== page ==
Milwaukee Neighborhood News Service

VIA Continues Mission of Affordable Housing, Economic Development

Formerly known as Layton Boulevard West Neighbors, organization rebranded as 'VIA' to better connect with Spanish-speaking community.

VIA is a community development corporation that serves residents in Silver City, Layton Park and Burnham Park. This photo was taken before the pandemic. Photo provided by VIA/NNS.

VIA is a community development corporation that serves residents in Silver City, Layton Park and Burnham Park. This photo was taken before the pandemic. Photo provided by VIA/NNS.

When Gavino Martinez Rosas, a Silver City resident, wanted to start his own business, he turned to VIA, a nonprofit organization formerly known as Layton Boulevard West Neighbors, for help.

VIA, 1545 S. Layton Blvd., began in 1995. A community development corporation that works with the residents of Silver City, Burnham Park and Layton Park, it focuses on affordable housing, economic development and grassroots leadership.

The organization announced its new name last year.

“There was difficulty in remembering the name and the name not honoring the work we do.” Celia Benton, the economic development director, said. “We wanted something that was easier to remember and more appropriate for our Spanish-speaking population.”

The group explained that the word “VIA” (road, or route) in Spanish signifies forward movement and connection, which relates to its overarching goal: to connect neighbors to the resources they need to build a strong and equitable community.

“We exist because it is very clear that not every neighborhood in Milwaukee through its history has had equitable access to the many great resources that are available in other neighborhoods of Milwaukee,” Benton said. “We exist to help connect neighbors and give voice and leadership to neighbors in order to have access to these resources and create communities that they want and deserve.”

Martinez Rosas, for example, had years of experience as a painter and the passion to create his own business, but he needed the resources to build his skill set as a business administrator, Benton said.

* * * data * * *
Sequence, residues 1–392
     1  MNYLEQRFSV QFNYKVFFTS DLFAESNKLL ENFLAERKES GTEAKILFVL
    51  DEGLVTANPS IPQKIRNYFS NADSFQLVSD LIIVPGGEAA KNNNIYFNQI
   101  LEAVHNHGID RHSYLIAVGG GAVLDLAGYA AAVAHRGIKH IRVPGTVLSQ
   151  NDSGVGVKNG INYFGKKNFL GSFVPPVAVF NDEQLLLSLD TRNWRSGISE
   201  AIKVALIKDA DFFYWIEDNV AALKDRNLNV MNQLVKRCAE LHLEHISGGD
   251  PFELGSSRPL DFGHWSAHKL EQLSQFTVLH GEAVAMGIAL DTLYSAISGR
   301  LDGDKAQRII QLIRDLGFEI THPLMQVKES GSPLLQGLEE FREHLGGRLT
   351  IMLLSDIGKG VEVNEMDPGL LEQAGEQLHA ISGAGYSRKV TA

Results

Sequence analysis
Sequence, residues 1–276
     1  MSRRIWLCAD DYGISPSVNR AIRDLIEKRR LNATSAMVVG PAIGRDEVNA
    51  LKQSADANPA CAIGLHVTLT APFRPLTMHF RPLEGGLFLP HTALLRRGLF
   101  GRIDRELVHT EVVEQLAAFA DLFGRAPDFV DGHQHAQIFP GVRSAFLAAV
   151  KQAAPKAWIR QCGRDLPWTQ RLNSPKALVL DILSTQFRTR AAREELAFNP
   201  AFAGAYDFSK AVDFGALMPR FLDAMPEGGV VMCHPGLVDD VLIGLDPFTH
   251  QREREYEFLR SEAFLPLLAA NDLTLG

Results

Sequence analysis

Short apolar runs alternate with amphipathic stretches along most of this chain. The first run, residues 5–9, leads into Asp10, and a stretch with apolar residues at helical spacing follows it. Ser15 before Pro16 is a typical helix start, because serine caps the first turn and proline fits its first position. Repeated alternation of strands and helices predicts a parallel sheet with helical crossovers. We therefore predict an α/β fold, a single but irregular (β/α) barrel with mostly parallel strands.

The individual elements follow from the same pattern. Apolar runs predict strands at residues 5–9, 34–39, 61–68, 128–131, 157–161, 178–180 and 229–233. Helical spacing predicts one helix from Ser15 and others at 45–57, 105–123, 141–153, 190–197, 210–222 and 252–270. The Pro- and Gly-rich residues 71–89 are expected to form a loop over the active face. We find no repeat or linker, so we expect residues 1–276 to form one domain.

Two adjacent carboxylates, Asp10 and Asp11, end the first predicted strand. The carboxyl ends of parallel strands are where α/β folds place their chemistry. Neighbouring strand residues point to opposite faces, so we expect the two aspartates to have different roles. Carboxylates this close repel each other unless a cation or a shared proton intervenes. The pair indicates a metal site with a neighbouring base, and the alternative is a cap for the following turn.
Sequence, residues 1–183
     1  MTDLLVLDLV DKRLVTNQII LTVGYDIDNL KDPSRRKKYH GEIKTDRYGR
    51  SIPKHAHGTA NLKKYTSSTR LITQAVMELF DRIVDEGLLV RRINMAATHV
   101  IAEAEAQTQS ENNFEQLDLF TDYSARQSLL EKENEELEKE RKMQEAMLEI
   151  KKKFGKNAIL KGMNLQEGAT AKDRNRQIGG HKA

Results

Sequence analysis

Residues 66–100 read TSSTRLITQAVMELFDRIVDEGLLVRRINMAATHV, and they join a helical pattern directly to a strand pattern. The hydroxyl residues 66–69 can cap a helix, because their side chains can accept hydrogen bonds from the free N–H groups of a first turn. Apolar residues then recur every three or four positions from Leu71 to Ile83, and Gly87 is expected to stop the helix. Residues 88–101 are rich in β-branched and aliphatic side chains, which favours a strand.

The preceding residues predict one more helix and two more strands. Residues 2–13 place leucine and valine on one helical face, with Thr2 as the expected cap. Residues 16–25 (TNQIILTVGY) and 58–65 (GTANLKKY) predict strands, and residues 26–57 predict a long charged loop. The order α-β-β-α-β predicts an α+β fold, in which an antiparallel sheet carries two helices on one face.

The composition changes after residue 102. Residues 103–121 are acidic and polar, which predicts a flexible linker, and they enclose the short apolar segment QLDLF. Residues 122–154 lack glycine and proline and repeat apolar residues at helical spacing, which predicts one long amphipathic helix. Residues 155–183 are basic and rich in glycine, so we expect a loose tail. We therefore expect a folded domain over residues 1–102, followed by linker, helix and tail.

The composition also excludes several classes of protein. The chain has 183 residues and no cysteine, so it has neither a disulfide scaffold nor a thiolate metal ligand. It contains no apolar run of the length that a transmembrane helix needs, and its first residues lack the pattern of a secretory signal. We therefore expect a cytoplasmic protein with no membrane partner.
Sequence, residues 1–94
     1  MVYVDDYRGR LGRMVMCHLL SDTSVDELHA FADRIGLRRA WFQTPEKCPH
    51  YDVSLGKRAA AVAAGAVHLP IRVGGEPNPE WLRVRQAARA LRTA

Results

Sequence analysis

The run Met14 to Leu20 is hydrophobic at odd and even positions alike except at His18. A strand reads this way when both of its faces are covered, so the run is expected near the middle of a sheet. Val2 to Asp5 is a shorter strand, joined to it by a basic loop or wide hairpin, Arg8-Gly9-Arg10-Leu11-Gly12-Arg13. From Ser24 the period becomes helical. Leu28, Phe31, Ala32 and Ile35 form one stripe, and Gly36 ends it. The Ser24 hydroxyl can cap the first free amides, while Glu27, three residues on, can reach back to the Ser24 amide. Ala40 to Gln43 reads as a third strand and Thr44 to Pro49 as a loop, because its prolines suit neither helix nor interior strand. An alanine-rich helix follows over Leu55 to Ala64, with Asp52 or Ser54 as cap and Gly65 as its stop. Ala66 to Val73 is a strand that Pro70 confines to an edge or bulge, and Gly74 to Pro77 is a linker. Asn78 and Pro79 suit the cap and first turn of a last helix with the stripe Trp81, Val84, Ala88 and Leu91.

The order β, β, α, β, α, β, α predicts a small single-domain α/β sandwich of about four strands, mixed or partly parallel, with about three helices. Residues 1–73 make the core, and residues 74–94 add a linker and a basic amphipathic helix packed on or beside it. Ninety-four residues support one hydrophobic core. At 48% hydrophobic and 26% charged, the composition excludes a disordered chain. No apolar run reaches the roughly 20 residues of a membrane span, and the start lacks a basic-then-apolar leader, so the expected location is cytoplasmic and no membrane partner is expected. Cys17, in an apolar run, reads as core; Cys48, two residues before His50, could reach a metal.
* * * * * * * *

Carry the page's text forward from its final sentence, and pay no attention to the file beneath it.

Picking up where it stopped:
The organization helped him create a business plan for his business, Gavino’s Painting LLC, 821 S. 37th St., Martinez Rosas said. His company paints both the interior and exterior of buildings.

“I believe VIA is important because it helps new entrepreneurs and small businesses in the community,” he said in Spanish.

Alejandra Gonzalez, a VIA board member and resident of Silver City, first encountered VIA during a neighborhood cleanup several years ago. She’s been involved in the group ever since and joined the board two years ago.

When Gonzalez started her business Artesanía LLC, she turned to VIA. With VIA’s support, she turned her idea of selling unique and handmade artisanal products from Mexico into a viable business. Currently, she runs the business out of her home.

Benton, who has been with the organization for over five years, said VIA’s economic development program is split into three sections: small business technical assistance, overall neighborhood vibrancy and financial well-being.

It’s critical that the business community reflects and supports the neighborhood around it, she said.

A prime example of this is the Orenda Cafe, 3514 W. National Ave., which opened in May 2019.

The 3500 block of West National Avenue had a ton of potential for growth, Benton said, and many neighbors expressed the desire for a diner.

With help from its partners, the organization purchased and renovated the space, which had been vacant for nearly a decade. Currently, it rents the space to Leticia Muñoz, who also owns Michael’s Family Restaurant, 2220 W. Wisconsin Ave. The hope is that Muñoz will be able to purchase the building within five years.

Benton said VIA encourages community-oriented businesses. For example, if a neighbor owns a commercial building, she is more likely to take care of it versus someone who doesn’t live in the neighborhood, she said.

The organization, she said, has seen challenges crop up because of the pandemic.

“It’s been really hard,” Benton said. “The pandemic has exacerbated preexisting inequities in communities. Entrepreneurs without digital literacy or a Social Security number don’t have access to all of the resources that have been offered by the government or other entities.”

VIA and its partners, including the Zilber Family Foundation and the JP Morgan Chase Foundation, have provided financial resources to small businesses.

“It’s about being a champion for the life of their business,” Benton said. “We have to be cognizant of how COVID-19 continues to impact the businesses in the neighborhood and being able to support them based on what happens. I’m making sure that I continue to advocate for their needs, financially and beyond, so they can survive through this and thrive.”

This story was originally published by Milwaukee Neighborhood News Service, where you can find other stories reporting on fifteen city neighborhoods in Milwaukee.

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